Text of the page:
Installing solar modules or replacing every appliance in your house is a big investment that pays off over time. At Modernize we love suggesting small money-saving home improvements that don’t require you to empty your savings account or take out a loan. From buying more energy-efficient products to simple sealing up cracks and holes, here are a few ways to save money by way of small to medium changes.
Install a Programmable Thermostat
This straightforward, inexpensive upgrade will cut your monthly energy bills down by allowing you to have full control of your heating and air. Setting it to your particular needs means that no energy goes wasted–if no one’s home from eight to five, you can program the heating or air to kick on again at four. That’s a whole workday of conserving energy. You can even find models that will function according to the zones that you set. That way, even when you’re home, the unused areas of the house don’t have to be energy suckers.
Opt for Low-Flow Fixtures
Low flow filters and aerators are a moderate investment that saves water and therefore money by allowing less water per minute to flow through. Within a year, you will have likely recouped your investment in monthly savings. Replace fixtures such as shower heads, faucets and, if you’re feeling ambitious, toilets for optimum savings.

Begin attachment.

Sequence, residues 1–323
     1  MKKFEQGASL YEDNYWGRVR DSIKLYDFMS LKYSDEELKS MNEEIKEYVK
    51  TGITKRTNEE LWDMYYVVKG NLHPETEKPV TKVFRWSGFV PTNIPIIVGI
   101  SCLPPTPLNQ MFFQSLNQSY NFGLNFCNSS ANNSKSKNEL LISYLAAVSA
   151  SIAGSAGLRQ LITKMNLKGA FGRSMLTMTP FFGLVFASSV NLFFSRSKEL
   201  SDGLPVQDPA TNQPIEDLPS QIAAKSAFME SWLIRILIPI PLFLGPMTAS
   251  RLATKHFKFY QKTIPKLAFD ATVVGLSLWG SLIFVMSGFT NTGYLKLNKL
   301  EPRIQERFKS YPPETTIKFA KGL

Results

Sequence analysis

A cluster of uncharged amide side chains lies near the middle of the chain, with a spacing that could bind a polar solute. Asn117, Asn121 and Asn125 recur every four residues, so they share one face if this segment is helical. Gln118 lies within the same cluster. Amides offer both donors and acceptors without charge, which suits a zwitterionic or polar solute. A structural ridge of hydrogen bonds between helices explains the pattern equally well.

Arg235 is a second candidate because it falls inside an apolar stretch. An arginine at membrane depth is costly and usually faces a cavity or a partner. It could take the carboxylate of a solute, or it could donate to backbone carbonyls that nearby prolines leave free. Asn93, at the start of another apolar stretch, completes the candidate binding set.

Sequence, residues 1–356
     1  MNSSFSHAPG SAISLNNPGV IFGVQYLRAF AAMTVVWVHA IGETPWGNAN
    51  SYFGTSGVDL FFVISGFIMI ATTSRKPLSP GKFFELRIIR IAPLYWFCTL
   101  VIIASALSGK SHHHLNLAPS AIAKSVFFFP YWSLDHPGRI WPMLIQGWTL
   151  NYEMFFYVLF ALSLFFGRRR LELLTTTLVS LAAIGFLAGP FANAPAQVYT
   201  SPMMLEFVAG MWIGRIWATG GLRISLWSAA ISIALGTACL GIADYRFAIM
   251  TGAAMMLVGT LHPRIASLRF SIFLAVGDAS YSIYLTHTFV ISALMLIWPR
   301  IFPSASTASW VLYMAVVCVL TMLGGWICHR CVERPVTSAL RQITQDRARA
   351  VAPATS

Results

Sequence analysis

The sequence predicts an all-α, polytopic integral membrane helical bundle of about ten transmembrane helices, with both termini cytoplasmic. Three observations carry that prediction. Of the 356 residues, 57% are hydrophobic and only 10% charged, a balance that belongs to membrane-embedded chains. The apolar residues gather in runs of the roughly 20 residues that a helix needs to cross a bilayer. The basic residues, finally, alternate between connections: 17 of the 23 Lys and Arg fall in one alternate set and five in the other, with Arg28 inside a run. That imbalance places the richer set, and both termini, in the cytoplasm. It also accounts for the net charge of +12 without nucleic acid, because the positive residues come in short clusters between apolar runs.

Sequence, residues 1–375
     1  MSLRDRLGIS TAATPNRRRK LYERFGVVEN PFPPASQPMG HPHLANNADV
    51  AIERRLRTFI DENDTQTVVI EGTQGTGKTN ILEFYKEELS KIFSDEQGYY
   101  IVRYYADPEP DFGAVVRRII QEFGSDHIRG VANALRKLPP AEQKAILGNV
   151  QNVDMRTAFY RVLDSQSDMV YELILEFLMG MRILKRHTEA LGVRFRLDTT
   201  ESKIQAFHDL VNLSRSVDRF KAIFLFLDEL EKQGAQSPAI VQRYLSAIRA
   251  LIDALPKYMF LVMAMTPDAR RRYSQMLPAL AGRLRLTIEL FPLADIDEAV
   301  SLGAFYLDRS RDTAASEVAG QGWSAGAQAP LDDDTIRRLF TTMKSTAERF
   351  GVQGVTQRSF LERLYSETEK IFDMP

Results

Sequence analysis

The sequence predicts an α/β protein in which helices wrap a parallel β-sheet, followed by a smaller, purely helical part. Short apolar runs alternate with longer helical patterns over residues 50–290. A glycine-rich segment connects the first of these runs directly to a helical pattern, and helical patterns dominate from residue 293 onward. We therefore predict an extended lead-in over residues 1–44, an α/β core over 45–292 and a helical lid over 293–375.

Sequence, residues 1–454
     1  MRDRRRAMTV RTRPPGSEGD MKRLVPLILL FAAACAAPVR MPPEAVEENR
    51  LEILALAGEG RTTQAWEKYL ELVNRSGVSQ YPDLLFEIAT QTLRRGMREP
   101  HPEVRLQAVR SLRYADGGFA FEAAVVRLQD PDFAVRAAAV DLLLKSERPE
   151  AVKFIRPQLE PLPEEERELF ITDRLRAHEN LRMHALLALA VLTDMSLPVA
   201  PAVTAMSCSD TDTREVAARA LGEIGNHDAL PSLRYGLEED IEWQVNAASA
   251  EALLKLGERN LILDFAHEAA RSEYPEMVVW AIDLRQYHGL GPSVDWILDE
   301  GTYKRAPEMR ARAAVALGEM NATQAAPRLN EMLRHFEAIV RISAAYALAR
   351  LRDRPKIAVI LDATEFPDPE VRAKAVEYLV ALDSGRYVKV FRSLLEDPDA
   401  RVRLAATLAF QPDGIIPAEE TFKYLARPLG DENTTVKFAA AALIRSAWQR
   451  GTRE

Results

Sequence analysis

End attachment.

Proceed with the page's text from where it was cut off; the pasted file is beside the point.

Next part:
Switch to LED Light Bulbs
LED lights give off more light per unit of electricity than fluorescent lights. They may be more expensive, but they use less energy and last longer, which makes them a worthy investment. Even near the end of their long light-giving days, LED bulbs still emit up to 70 percent of their maximum potential.
While many new homes come with high quality doors and windows, older homes often tend to have very basic ones. If your house is old enough for the foundation to have shifted and the gaps to become misaligned, you may have a few cracks around the doors and windows that are allowing cold air in and warm air out during the winter. You can use metal or foam weatherstripping to stop wasting excess energy on heating.
Seal Your Air and Heating Ducts
In houses with forced air HVAC systems, air is distributed through ducts to each room of the house. Unfortunately, the ducts can have holes and other leaks that cause around 25 percent of the air to not make it to its intended destination. If you have rooms that don’t seem to heat up or cool down no matter what you do, and if your ducts are located in an attic or crawlspace, you may need to seal your ducts to keep air from escaping. Duct sealing, unlike duct repairing, can be a DIY project. If done properly and with the right materials, it can save you money on your monthly bill.
Update Your Washer and Dryer
If your washer and dryer are older models, they probably are using quite a bit more energy than required to wash and dry clothes. While you shouldn’t replace a well-running machine that’s only a few years old, getting rid of a clunky 10-year-old washer or dryer in favor of an energy efficient model will cut down your bill and reduce your impact on the environment.
This is a guess post by Hannah West